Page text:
Well, it depends on what you want to do with your functions. Supposing both of them are queries or updates, your example would go like this:
In this example, the caller gets to control the principal sent here. You, as a canister, have 0 control over it. Whatever the user sends you will receive here. This is obviously not OK if you want to check access rights for example.
You’d use this if you want to allow a principal to produce some effects on another principal, but in that case you’d probably want to call it something else just so you don’t confuse the two.
This is the proper way to get the true caller of a function. This is guaranteed by the replica to be the principal calling your function. You’d use this to verify that the user is who they say they are, implement access control, etc.
One quick gotcha on this subject:
If you have a call that does some async stuff (e.g. call an update fn on a different canister), you won’t be able to get the caller(); after the async is answered, so you’d probably want to save that in a local variable at the beginning of the function call, before issuing the async call.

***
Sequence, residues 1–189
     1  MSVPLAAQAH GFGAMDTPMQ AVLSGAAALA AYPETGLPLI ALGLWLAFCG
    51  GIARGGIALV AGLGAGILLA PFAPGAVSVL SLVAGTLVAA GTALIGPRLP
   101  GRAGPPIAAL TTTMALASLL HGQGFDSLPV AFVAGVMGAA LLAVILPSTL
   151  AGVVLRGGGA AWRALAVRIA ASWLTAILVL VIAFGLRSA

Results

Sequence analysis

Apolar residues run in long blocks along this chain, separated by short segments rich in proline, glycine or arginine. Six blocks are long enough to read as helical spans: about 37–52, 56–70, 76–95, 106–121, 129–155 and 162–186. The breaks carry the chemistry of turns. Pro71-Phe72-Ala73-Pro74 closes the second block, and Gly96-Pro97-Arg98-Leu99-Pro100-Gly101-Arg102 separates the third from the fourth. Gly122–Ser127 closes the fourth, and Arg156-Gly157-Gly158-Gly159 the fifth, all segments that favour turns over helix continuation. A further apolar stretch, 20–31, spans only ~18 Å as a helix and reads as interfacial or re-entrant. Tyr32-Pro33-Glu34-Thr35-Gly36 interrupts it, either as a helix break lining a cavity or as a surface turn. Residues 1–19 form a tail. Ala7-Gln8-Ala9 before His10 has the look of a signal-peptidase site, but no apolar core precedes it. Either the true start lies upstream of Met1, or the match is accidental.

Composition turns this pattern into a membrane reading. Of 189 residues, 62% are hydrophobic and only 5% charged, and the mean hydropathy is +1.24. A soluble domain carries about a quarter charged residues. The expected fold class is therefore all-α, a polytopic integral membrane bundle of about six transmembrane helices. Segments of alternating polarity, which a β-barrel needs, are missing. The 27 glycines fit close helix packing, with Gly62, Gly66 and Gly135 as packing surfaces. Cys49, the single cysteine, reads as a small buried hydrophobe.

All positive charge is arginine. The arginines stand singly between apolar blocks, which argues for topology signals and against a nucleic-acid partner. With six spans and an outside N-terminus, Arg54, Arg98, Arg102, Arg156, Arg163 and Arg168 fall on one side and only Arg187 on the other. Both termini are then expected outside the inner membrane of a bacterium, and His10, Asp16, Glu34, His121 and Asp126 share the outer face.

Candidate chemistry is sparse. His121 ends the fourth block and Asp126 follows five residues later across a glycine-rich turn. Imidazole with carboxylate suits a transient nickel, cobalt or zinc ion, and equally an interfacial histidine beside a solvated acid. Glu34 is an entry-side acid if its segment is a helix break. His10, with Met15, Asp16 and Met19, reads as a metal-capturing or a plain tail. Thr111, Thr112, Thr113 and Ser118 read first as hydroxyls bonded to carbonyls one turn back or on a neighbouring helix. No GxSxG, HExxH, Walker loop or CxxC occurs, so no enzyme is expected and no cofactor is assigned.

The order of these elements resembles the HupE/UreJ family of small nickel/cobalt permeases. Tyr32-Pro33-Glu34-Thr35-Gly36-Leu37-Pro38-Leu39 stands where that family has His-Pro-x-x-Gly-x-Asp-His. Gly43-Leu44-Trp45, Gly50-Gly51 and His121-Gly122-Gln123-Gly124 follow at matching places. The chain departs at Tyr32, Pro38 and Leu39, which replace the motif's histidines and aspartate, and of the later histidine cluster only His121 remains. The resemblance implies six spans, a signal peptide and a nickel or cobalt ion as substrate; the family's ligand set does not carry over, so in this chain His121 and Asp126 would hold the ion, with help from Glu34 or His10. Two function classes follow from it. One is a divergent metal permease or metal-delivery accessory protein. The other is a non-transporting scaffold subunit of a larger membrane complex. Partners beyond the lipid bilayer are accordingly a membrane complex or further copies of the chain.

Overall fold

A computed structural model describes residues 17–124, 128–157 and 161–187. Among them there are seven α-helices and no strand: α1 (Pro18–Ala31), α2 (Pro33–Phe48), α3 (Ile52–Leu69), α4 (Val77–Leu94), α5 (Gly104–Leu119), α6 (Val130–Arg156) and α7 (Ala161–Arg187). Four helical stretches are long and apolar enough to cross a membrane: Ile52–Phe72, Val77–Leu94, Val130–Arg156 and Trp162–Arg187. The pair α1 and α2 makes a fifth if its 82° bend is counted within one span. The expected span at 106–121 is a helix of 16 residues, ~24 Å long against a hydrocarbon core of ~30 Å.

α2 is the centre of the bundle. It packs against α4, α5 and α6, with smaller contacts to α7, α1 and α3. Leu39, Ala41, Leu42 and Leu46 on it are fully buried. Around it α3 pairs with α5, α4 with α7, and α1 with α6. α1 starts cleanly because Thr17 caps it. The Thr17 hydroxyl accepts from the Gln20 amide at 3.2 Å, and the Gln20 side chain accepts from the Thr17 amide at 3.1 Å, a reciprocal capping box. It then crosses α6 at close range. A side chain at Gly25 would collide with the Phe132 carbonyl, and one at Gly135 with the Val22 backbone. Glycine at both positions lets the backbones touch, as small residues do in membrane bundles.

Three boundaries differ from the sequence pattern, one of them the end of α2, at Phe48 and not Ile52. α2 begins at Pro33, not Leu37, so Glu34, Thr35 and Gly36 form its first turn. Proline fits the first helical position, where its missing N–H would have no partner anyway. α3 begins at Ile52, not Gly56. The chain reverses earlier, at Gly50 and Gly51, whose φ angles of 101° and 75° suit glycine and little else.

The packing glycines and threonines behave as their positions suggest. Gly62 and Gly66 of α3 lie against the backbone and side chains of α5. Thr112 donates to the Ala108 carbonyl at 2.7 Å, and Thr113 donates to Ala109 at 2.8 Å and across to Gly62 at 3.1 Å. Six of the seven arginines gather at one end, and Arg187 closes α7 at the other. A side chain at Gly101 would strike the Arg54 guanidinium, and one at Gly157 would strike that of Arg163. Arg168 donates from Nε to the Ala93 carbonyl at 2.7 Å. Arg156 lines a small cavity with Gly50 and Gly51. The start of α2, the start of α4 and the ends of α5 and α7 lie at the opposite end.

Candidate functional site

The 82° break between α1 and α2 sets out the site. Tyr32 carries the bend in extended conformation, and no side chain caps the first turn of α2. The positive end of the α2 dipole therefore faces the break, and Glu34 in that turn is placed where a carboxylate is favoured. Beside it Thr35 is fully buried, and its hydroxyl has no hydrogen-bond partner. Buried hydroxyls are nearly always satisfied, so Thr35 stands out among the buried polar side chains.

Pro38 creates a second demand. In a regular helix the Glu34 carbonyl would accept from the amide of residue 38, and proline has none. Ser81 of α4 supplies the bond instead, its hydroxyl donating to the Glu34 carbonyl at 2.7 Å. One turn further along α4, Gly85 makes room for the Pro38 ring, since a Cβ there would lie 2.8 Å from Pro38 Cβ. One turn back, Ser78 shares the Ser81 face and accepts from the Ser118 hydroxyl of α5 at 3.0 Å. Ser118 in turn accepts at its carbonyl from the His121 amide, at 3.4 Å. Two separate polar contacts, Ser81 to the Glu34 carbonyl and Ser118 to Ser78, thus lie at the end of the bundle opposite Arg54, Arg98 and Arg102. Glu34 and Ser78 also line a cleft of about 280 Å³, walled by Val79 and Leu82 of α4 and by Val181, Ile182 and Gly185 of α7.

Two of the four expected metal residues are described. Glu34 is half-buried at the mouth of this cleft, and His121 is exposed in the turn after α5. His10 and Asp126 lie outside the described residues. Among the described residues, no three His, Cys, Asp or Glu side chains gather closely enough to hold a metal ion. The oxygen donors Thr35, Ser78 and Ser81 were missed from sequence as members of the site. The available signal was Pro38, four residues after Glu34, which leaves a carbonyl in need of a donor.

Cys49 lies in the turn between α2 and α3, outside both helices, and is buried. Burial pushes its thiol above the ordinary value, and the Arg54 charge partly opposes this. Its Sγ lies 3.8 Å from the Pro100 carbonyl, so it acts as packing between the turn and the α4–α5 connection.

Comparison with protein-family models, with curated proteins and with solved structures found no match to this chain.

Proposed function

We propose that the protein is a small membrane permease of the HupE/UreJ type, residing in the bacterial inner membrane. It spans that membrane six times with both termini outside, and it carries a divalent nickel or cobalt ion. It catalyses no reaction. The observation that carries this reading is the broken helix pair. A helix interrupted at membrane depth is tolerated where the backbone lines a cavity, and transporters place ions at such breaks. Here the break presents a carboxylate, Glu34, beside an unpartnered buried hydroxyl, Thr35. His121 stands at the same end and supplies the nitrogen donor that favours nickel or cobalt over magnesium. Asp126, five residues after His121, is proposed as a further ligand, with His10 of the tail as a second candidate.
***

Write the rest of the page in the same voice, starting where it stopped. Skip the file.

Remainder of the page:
I did not know about this one, so I am learning a lot about it. Thank you!
Am I correct in understanding that, for example, if we assume that the user using the application is authenticated by Internet Identity, it is best to retrieve it with caller() rather than having the front end specify the Principal as an argument?
If you don’t pass in arguments, you can’t do Rust unit test casually and have a bit of trouble testing.
I think the current best way to test the functionality at once is to write out the dfx command in a shell script and run it.